Evidence from an 800,000-year Antarctic ice core record shows unprecedented atmospheric change due to carbon dioxide and other greenhouse gases. Dr Eric Wolff from British Antarctic Survey (BAS), leader of the science team for the European Project for Ice Coring in Antarctica (EPICA) says,
“Ice cores reveal the Earth’s natural climate rhythm over the last 800,000 years. When carbon dioxide changed there was always an accompanying climate change. Over the last 200 years human activity has increased carbon dioxide to well outside the natural range and we have no analogue for what will happen next.”
Although large increases in carbon dioxide may be alleviated by natural sinks in the ocean and on land, a critical issue is how these sinks will behave in the future. For the last 15 years international scientists, including the Intergovernmental Panel on Climate Change, have used research into carbon cycle by Dr Corrinne Le Quéré of UEA and BAS. She says,
‘Our land and oceans may well become less efficient carbon sinks as concentrations increase. We cannot rely on them to solve the problem.’
Scientific knowledge, especially about climate change, is essential for a sustainable economy. In the UK the built environment accounts for around 50% of energy consumption, with housing alone contributing around 27% of UK carbon dioxide emissions.
Professor Peter Smith, University of Nottingham and author of ‘Architecture in a Climate of Change’, offers creative solutions to improve the energy efficiency of buildings. He says,
“There is an urgent need to find innovative technologies to reduce the impact we are having on our climate. If we are committed to a low carbon economy the UK needs a vigorous twin track programme of demand reduction and renewable energy technology. Governments may have only 10 years in which to determine the destiny of our planet – giving only five years in which to develop feasibility and design studies. I am disappointed that the recent UK Energy Review totally fails to appreciate the urgency of the situation.”
Linda Capper | alfa
Dispersal of Fish Eggs by Water Birds – Just a Myth?
19.02.2018 | Universität Basel
Removing fossil fuel subsidies will not reduce CO2 emissions as much as hoped
08.02.2018 | International Institute for Applied Systems Analysis (IIASA)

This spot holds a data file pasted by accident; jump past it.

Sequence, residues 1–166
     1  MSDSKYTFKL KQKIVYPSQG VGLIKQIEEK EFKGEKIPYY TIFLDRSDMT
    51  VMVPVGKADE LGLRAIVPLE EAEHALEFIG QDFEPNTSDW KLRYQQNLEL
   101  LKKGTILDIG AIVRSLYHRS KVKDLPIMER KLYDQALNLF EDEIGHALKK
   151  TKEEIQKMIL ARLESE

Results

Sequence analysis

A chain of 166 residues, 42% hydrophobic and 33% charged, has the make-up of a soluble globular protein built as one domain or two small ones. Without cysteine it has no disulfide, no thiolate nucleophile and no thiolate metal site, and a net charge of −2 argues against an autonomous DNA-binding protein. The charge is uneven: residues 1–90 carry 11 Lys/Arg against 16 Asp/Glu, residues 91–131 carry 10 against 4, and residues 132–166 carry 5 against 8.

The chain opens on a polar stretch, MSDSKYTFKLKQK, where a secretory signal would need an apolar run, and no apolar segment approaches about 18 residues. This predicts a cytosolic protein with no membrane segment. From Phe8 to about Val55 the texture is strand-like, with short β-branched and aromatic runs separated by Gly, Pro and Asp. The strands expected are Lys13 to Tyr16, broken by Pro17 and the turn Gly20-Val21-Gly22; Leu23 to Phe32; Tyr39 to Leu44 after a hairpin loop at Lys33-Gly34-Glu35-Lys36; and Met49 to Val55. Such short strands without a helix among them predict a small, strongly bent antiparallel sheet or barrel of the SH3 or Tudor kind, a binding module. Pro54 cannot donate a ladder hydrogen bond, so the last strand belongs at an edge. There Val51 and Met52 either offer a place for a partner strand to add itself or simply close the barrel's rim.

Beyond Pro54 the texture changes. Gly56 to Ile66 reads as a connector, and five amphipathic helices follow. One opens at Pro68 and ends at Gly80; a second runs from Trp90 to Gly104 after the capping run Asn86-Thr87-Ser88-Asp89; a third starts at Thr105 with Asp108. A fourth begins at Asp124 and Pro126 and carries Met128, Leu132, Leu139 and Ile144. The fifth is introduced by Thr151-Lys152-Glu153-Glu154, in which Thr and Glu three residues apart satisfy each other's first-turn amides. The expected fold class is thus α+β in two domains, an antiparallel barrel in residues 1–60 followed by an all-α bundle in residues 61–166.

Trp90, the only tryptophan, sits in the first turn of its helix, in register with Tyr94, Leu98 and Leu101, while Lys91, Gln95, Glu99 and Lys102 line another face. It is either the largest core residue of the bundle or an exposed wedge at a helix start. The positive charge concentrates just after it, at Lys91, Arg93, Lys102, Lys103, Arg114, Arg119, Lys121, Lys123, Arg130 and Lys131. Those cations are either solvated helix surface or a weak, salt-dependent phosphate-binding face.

For the first time, a team of researchers at the Max-Planck Institute (MPI) for Polymer Research in Mainz, Germany, has succeeded in making an integrated circuit (IC) from just a monolayer of a semiconducting polymer via a bottom-up, self-assembly approach.
In the self-assembly process, the semiconducting polymer arranges itself into an ordered monolayer in a transistor. The transistors are binary switches used...
Breakthrough provides a new concept of the design of molecular motors, sensors and electricity generators at nanoscale
Researchers from the Institute of Organic Chemistry and Biochemistry of the CAS (IOCB Prague), Institute of Physics of the CAS (IP CAS) and Palacký University...
For photographers and scientists, lenses are lifesavers. They reflect and refract light, making possible the imaging systems that drive discovery through the microscope and preserve history through cameras.
But today's glass-based lenses are bulky and resist miniaturization. Next-generation technologies, such as ultrathin cameras or tiny microscopes, require...
Scientists from the University of Zurich have succeeded for the first time in tracking individual stem cells and their neuronal progeny over months within the intact adult brain. This study sheds light on how new neurons are produced throughout life.
The generation of new nerve cells was once thought to taper off at the end of embryonic development. However, recent research has shown that the adult brain...
Theoretical physicists propose to use negative interference to control heat flow in quantum devices. Study published in Physical Review Letters
Quantum computer parts are sensitive and need to be cooled to very low temperatures. Their tiny size makes them particularly susceptible to a temperature...
15.02.2018 | Event News
13.02.2018 | Event News
12.02.2018 | Event News
21.02.2018 | Physics and Astronomy
21.02.2018 | Physics and Astronomy
21.02.2018 | Earth Sciences